The hubs and I got caught in traffic on the way to the surgery check in. The traffic was so bad I grabbed my backpack and walked the remaining 4 blocks. I did that to get there on time only to encounter an empty desk upon arrival. That was unsettling but I had faith in the surgeon so I didn’t walk out the door. The vacancy lasted long enough for me to call a general service number to confirm the room number, yup I was at the right place. So much for my efforts for being on time. I just got seated in registration when the hubs came through the door.

After about half an hour I was sent to hospital purgatory. It’s a holding pen before you get to the specialized OR area. This was a fun place. It was set up like an ER with curtains for privacy between beds. The first lady took basic information when she asked me my weight I told the hubs to cover his ears. She said I could whisper it to her, so I did. He said she’s probably lying and sonofabee I was but only by like 2 or 3 pounds and I rounded down so shoot me.

Anyway, I happened to get my period that morning because WTF not. I am 51 years old folks this should be in the rear view mirror and yet here we are…I mention this to another nurse who had the task of rubbing me down with antiseptic cloths (this would be the worst porn scene ever). Anyway I mentioned the menses to my new friend and she gave me mesh underwear and a sanitary pad that could double as a mattress. It was YUGE. I kind of felt bad for the pad, there was no way it was going to live up to it’s potential. I’m at the trickle stage this pad was worthy of postpartum tide. Oh and on one trip to the bathroom part of my gown went into the bowl so I had to explain that mess and get a new gown, at least I entertained the staff.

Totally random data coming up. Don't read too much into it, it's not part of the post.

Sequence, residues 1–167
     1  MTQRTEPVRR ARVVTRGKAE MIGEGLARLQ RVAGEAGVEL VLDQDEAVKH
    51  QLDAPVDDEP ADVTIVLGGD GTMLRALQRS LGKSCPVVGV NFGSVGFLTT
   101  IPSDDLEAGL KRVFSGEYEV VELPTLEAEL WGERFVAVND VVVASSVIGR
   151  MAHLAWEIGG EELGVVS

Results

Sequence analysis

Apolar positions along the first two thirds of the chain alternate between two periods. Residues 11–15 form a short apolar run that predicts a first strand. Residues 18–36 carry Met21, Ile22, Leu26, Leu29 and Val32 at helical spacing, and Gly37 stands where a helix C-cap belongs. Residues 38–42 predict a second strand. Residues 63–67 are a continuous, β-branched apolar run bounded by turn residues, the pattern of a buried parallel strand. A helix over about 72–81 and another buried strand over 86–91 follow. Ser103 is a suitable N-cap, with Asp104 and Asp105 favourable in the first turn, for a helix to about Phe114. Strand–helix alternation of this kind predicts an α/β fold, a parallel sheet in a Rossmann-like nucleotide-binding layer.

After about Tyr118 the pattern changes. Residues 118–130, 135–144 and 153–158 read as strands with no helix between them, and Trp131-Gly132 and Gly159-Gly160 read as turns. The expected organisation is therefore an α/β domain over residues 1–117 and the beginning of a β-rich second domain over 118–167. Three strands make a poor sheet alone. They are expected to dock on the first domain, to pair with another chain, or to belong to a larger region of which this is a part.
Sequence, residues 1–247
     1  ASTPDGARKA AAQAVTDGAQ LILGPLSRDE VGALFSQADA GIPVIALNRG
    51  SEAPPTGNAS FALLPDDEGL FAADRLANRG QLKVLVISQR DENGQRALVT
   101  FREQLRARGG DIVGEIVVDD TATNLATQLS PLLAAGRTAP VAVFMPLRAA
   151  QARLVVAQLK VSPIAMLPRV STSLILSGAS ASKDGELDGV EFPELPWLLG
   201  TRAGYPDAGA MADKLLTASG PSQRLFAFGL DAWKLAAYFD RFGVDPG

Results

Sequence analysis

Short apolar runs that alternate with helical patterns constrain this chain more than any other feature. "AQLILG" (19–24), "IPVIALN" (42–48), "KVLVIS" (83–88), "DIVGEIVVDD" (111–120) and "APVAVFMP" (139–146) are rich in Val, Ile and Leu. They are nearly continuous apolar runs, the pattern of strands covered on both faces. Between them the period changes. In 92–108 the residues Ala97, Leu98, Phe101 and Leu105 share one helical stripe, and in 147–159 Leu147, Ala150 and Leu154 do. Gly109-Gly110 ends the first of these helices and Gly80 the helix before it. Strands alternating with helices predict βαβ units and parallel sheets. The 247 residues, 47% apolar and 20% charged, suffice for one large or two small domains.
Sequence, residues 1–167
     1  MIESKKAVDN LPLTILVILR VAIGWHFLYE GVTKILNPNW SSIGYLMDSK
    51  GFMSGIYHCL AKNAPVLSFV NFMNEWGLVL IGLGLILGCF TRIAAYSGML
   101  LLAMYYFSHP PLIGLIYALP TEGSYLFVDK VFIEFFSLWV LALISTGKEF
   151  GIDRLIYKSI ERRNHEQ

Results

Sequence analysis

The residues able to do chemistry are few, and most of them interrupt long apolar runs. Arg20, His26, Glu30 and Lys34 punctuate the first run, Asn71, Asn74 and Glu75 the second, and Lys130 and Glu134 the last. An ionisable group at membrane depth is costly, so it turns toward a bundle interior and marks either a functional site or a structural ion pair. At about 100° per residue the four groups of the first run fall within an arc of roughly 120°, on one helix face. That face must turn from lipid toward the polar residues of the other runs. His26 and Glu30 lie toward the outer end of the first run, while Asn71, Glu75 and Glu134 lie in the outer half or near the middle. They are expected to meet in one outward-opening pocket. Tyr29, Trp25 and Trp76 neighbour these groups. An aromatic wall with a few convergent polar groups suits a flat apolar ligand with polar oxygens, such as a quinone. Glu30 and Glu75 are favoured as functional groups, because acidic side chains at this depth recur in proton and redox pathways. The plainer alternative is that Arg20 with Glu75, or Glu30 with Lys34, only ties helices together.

It was clear that I had at least an hour to go or so in purgatory so I encouraged the hubs to go get something to eat. He was already on Yelp looking for options, he didn’t fight me when I made the suggestion. Mind you it was noon and I didn’t  have anything to eat or drink since Midnight. I would have given my still tingling zombie arm for a coffee at that point. Half an hour after the hubs leaves…

Me: If you send me food pics I will cut you.

Hubs: I literally had my finger on the send button,

Me: Get yo fine azz back here…it’s moving day.

Half an hour later I was sent to OR prep and he was sent somewhere else, a waiting room.

Hubs: I miss u

Hubs: OK, just remembered u don’t have ur phone, so I’m talking to myself.

Once I got settled into my room I sent him home to be with our kids. My friend Kristy dropped by to bring them dinner – a chicken parm sub and a Brooklyn Pizza from our favorite local place.  I also got soup from Lisa, my Rocky Horror partner. And Amy just went full on ridiculous she made soup, cookies, orzo salad and salmon….oh and my friend Iris made me a spectacular chicken soup with matzo balls and magic. I am blessed beyond measure friends. I hope you all have people like this in your life.